Biden throws out Trump plan to commericialise giant US forest dubbed ‘the lungs of North America’
The Biden administration on Friday announced it would reverse a Trump-era decision to strip environmental protections for the Tongass National Forest in Alaska, one of the world’s largest intact temperate rain forests, nicknamed the “lungs of North America” by scientists.
They plan to repeal or replace a decision that would’ve opened about nine million acres of the pristine wilderness to logging and road construction.
The Tongass Forest is what’s called a “carbon sink,” a natural feature with the ability to absorb and store atmospheric carbon, and it’s one of the most important ones on the continent. It captures 8 per cent of annual US carbon emissions.
“While tropical rainforests are the lungs of the planet, the Tongass is the lungs of North America,” Dominick DellaSala, chief scientist with the Earth Island Institute’s Wild Heritage project, told PBS last year. “It’s America’s last climate sanctuary.”
Alaskan lawmakers like US Republican senator Lisa Murkowski had argued exempting a section of the forest from the Clinton-era “roadless rule,” which bans road construction in much of the sprawling national forest system, would create important economic opportunities for the state. The Trump administration obliged, announcing it would open more than half of the 17 million acre forest to development last October.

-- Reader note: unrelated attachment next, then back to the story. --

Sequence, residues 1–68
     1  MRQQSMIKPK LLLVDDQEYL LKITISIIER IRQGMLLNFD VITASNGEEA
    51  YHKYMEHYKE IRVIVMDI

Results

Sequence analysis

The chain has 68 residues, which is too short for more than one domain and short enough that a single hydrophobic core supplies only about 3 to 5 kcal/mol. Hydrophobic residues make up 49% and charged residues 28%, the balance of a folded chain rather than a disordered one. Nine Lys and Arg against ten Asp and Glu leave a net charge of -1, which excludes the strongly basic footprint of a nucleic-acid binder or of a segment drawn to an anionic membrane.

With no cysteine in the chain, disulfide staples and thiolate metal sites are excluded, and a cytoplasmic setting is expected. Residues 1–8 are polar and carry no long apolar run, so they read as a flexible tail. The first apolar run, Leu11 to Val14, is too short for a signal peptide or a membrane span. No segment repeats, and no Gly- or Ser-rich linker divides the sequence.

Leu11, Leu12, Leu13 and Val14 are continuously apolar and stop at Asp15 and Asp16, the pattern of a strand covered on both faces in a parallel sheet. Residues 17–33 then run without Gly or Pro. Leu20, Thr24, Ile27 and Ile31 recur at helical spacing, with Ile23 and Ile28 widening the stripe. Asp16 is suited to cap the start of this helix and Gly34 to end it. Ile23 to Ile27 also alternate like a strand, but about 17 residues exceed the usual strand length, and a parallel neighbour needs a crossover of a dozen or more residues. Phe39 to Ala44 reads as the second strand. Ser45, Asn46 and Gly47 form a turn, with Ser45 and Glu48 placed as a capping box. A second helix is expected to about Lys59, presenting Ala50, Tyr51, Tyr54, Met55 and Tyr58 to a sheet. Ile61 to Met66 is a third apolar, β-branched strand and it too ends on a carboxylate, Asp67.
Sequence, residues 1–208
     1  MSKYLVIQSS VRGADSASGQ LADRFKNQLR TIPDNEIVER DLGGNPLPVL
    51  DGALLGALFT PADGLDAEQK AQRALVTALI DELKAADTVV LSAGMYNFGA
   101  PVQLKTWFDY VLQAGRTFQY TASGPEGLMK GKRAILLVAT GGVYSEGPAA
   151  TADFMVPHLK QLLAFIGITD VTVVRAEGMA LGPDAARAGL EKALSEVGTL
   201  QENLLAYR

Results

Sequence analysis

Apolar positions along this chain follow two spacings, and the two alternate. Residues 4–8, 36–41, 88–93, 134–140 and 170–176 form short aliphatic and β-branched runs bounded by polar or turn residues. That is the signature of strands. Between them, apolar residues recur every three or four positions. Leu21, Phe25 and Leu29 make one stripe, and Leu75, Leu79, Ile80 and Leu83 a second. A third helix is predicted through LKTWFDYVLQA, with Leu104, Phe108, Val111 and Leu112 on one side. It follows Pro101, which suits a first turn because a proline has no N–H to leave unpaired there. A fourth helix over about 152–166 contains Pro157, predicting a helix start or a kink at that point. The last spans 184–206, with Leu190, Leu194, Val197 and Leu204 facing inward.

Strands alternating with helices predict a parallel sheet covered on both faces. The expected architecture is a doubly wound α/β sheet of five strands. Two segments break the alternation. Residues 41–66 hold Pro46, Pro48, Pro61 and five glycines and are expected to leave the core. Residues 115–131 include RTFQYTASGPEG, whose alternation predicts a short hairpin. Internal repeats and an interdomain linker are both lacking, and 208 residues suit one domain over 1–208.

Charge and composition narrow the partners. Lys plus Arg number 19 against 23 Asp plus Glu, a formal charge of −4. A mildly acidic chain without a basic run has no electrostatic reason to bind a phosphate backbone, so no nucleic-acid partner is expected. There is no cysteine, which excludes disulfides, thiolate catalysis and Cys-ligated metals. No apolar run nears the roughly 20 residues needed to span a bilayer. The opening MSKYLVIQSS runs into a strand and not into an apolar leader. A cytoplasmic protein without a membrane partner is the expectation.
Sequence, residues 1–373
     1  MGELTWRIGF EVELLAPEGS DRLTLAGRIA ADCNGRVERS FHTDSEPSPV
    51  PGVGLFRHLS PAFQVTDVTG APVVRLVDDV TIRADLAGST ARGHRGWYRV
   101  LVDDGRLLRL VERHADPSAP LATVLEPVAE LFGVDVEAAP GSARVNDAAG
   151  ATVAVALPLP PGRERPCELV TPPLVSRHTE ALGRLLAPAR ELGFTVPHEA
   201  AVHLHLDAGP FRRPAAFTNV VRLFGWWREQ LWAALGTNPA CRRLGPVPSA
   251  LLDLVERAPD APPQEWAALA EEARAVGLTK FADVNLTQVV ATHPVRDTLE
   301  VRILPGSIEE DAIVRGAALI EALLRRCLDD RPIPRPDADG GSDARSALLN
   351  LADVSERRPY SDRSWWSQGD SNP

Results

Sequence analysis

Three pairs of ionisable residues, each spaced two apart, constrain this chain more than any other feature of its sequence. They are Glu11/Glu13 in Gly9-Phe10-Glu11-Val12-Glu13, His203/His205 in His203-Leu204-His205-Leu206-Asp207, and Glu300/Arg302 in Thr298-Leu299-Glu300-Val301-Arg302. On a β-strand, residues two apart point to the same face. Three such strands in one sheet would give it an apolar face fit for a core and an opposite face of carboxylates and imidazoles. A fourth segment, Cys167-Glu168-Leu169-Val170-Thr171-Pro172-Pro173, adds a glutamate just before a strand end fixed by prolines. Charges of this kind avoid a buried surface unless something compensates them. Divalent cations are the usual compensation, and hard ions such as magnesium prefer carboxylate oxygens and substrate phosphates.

“In 2001 Alaska’s timber industry had over 500 million board feet of manufacturing capacity in Southeast Alaska, but now over 80% of that 2001 manufacturing capacity has been starved out of business and the remaining manufacturers are barely surviving at a small fraction of their capacity,” business leaders wrote in a letter to the U.S. Forest Service in 2018.
The Trump administration had tried to argue that allowing for more logging wouldn’t have a major impact on this important carbon sink, since timber would sequester carbon and the forest would continue to regrow, ultimately balancing out or even storing more carbon as a result. Prominent scientists have called this analysis “misinformation.”
Beyond the climate impacts, increased logging within Tongass, part of the US’s largest national forest, could adversely impact the salmon population, a key staple in the rural state, especially for tribes like the Haida, Tlingit, and Tsimshian peoples, who have lived in the area for more than 10,000 years.
The renewed protections for the forest are part of the Biden administration’s larger climate agenda, which has included rejoining the Paris Climate Accords, and requiring federal agencies to make climate plans of their own. Still, up until the Tongass announcements, scientists said the Biden administration had been lagging when it came to protecting old-growth forests, a key part of the climate agenda.
“Establishing permanent protections for temperate rainforests in the Pacific Northwest and Alaska, along with mature federal forests and trees nationwide, will be one of the most cost-effective and essential near-term climate solutions the United States can employ,” a group of environmental organisations wrote the White House in a letter in April, urging the administration to make forestry protections a key part of an upcoming United Nations climate conference in November.